Spring actions for biodiversity

As part of this year’s Spring Action Month, Population Matters Fundraising Officer, Anthony, with a little help from our amazing supporters, suggests the following easy steps we can all take to support biodiversity at home – wherever that home is.


A garden in full bloom is a delight! What’s even better is the more plant (and especially flowering plant) species present, the more insect, bird and animal life is being supported. Think about diverse planting. Even if your garden is a small space, any flowering plant will support insect life. Window boxes can also be a great micro way of planting when you don’t have a garden.

If you haven’t ‘grown you own’ before, why not take part in the Big Spring Plant and plant to reduce food miles while increasing local biodiversity. Beginning in Spring Action Month last year, I planted cherry tomatoes, strawberries, spring onions, lettuce, potatoes, and a variety of herbs – all in a small, raised bed at the front of my house, in an otherwise flagged area. The tomatoes and strawberries were so sweet, and I saved the potatoes for part of Christmas dinner. Growing them attracted all kinds of insect and animal life, including bees and other pollinators to a previously unused area.


Grassed areas provide essential early year and first and second stage habitat for a myriad of insect life. Population Matters patron, Sir David Attenborough, is well aware of the major importance of such habitats:

Nowhere here is richer in wildflowers and insect pollinators than our traditional hay meadows. Sadly, in the last 60 years, we’ve lost 97% of this precious habitat . . . but meadows can be restored to provide a haven for wildlife. It’s all about the timing. Delaying mowing until mid-July allows birds and insects to complete their breeding and flowers to set their seed.

Sir David Attenborough, Population Matters patron

Population Matters supports #NoMowMay, encouraging our supporters to leave their lawns unmown to protect this early habitat for as long as possible. If you can have a ‘no mow summer’, even better! Leaving your lawn wild until the autumn will allow a variety of insects and animals to thrive.


Going one step further from #NoMowMay, Woodland Manager and Population Matters supporter, Clive Ellis, suggests actively providing natural habitat in our outdoor spaces:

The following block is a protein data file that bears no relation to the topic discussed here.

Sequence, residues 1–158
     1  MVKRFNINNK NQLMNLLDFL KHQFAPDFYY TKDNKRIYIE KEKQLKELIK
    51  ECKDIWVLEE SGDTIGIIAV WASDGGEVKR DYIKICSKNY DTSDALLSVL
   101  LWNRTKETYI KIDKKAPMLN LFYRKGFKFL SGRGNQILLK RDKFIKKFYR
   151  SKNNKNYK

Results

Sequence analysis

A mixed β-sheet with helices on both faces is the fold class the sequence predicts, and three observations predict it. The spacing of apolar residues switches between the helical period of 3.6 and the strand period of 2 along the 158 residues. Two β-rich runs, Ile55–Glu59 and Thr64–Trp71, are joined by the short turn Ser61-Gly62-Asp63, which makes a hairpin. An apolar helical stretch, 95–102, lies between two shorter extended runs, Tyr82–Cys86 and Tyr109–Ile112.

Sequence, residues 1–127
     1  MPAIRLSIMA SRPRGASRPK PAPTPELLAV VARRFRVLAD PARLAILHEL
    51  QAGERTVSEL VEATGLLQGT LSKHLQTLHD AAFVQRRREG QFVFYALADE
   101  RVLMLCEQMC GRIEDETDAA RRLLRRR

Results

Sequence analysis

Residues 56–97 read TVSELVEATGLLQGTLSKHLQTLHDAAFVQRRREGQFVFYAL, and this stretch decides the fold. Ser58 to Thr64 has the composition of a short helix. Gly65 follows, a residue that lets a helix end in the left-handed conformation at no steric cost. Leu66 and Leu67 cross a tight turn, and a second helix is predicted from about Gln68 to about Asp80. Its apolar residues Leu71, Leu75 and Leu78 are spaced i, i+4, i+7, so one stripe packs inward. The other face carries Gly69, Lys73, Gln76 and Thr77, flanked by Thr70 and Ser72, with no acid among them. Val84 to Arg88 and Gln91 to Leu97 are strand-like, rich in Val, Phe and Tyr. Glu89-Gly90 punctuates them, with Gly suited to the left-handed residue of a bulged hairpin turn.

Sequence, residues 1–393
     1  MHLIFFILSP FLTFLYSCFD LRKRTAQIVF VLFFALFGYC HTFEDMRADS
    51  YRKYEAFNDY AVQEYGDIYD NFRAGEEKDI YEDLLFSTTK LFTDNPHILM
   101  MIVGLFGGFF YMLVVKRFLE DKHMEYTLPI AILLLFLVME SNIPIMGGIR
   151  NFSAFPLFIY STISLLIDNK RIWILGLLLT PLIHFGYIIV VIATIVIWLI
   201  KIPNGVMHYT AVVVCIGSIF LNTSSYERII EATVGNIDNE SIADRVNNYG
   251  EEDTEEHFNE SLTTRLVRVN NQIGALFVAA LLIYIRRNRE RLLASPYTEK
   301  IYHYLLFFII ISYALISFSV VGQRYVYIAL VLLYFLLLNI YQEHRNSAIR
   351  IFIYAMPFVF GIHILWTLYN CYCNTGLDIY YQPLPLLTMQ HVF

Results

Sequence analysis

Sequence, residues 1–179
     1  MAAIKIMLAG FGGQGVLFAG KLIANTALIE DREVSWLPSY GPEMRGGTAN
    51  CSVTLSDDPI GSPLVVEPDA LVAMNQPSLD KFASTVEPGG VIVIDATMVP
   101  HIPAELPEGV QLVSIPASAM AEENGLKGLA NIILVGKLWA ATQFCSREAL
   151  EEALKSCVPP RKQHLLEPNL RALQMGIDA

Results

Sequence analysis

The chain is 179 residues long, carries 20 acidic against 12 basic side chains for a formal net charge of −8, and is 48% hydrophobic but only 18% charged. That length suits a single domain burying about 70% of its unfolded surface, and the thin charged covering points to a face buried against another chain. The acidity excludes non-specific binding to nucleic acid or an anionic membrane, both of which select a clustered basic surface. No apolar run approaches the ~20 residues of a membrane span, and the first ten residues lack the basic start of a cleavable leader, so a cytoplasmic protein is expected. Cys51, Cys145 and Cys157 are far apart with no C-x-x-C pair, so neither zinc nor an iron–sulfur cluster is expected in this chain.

Just like No Mow May, we can change the way we see what might appear untidy. Leaving things rough is going to make the best habitat. Seeded grasses and plants left in over winter, the occasional rotting log and garden clippings left under a hedge. Woody things which can then be left undisturbed for beetles to live in and under.

Clive Ellis, Woodland Manager and Population Matters supporter, UK


This one is simple and common sense, but anything that directly kills one species will also affect others, not to mention poisons leeching into soil and groundwater.

Human encroachment into animal territory around the word is killing enough of nature and destroying habitats already. From the micro to the macro level, this is devastating and, ultimately, follows the path presented in our Vanishing Icons report.


Another fairly obvious habit which shouldn’t be overlooked! Of course, it isn’t spring all over the world. In the global south the seasons are tipping into autumn. Population Matters fundraiser, Braith, lives in New South Wales, Australia, and coming out of a long dry summer he is hoping and preparing for rain:

Following droughts and repeated dry summers in new South Wales, we are planning and preparing to collect and conserve rainwater right now. I’ve already sourced nine – already used and so recycled- 200 litre water drums.

Braith Bish, Population Matters fundraiser, Australia

final thoughts

I hope this gives you an idea of a few easy steps each of us can take to support biodiversity during Spring Action Month and beyond. Please search ‘biodiversity’ on our website and review our HumaNature campaign, including Insect Populations Matter, for further information.

Please also consider reading and engaging with our news and campaigns pages and taking part in other actions such as writing to your political representatives as part of our latest research into PHE / Population Health Environment.

Population Matters thanks our supporters, Clive Ellis in the UK and Braith Bish in Australia, for sharing Spring Actions they will be taking. To share your own, and possibly feature in a future blog, please drop me a line by email to anthony.howarth@populationmatters.org.

Wishing you well with whichever Spring Actions you choose to undertake this year!


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